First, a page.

which another road appeared to turn off. And here the cart stopped.
Sikes dismounted with great precipitation, holding Oliver by the hand all the while; and, lifting him down directly, bestowed a furious look upon him, and rapped the side-pocket with his fist in a very significant manner.
"Good-b'ye, boy," said the man.
"He's sulky," replied Sikes, giving him a shake; "he's sulky,—a young dog! Don't mind him."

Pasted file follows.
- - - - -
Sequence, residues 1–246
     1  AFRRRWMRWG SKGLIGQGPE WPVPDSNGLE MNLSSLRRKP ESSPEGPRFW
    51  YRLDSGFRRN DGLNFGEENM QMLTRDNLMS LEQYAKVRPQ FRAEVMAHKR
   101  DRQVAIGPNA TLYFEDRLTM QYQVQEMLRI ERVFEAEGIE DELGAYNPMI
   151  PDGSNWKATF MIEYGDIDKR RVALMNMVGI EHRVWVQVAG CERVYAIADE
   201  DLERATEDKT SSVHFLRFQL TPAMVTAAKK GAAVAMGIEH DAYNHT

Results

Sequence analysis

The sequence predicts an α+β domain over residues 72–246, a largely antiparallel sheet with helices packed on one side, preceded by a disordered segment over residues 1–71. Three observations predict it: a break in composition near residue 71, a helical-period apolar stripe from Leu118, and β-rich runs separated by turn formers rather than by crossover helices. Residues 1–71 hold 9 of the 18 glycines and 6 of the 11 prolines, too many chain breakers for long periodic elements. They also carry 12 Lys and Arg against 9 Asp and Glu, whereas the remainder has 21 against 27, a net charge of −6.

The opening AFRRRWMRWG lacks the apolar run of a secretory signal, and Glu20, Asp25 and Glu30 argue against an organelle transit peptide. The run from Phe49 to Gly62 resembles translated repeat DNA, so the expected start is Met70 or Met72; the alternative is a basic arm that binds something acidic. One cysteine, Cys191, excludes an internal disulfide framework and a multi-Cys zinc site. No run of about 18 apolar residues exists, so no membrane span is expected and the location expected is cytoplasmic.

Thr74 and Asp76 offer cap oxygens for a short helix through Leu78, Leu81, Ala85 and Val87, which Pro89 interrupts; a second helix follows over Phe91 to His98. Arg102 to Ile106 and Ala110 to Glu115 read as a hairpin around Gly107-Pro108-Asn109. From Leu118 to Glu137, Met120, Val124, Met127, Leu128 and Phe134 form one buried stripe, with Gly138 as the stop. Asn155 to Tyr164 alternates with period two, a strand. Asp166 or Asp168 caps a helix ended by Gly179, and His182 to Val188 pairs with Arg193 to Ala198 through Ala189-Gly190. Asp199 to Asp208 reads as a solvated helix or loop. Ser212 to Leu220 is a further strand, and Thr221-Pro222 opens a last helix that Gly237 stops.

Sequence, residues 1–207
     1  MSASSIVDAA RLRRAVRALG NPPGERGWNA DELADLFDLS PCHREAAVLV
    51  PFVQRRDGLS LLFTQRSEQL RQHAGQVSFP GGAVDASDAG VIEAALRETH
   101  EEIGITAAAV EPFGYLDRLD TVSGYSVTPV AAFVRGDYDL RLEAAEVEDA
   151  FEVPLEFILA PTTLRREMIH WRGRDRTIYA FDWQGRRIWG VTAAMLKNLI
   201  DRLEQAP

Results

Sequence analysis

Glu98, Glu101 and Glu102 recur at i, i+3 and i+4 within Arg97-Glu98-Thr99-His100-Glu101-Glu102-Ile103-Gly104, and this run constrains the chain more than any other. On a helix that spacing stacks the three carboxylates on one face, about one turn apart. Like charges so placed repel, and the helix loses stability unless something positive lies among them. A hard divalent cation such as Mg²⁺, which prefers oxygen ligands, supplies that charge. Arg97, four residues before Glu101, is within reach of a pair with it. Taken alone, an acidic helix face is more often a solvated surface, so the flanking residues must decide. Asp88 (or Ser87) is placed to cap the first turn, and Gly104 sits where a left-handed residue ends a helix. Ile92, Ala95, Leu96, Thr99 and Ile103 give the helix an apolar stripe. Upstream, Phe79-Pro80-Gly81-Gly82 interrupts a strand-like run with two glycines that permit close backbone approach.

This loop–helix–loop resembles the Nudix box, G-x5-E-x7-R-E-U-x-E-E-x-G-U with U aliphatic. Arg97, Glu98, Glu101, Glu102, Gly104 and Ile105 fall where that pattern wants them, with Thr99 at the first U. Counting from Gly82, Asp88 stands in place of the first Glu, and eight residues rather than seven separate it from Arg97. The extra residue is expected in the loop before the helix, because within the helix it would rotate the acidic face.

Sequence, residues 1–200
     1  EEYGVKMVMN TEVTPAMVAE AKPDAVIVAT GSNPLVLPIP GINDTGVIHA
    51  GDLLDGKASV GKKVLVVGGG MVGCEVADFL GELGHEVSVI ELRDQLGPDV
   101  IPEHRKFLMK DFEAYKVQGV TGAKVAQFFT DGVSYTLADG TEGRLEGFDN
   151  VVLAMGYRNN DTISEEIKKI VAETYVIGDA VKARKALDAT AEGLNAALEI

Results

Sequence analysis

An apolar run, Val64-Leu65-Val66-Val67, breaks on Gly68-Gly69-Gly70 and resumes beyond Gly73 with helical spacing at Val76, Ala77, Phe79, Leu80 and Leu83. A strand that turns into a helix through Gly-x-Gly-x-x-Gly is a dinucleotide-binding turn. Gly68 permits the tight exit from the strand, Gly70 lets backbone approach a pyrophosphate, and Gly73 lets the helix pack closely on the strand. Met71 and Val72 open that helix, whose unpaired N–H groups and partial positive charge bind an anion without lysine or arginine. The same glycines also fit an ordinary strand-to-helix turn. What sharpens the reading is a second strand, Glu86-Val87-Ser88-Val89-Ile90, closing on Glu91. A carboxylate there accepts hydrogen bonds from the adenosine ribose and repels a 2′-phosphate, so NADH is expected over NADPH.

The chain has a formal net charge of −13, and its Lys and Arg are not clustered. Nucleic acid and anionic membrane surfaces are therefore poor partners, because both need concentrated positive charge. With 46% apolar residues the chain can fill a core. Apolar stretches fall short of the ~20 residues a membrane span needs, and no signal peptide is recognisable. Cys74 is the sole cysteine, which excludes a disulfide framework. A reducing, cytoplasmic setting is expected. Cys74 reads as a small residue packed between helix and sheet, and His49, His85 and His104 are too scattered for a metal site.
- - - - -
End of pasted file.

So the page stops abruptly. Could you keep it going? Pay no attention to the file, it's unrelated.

"Not I!" rejoined the other, getting into his cart. "It's a fine day, after all." And he drove away.
Sikes waited till he had fairly gone, and then, telling Oliver he might look about him if he wanted, once again led him forward on his journey.
They turned round to the left a short way past the public-house, and then, taking a right-hand road, walked on for a long time, passing many large gardens and gentlemen's houses on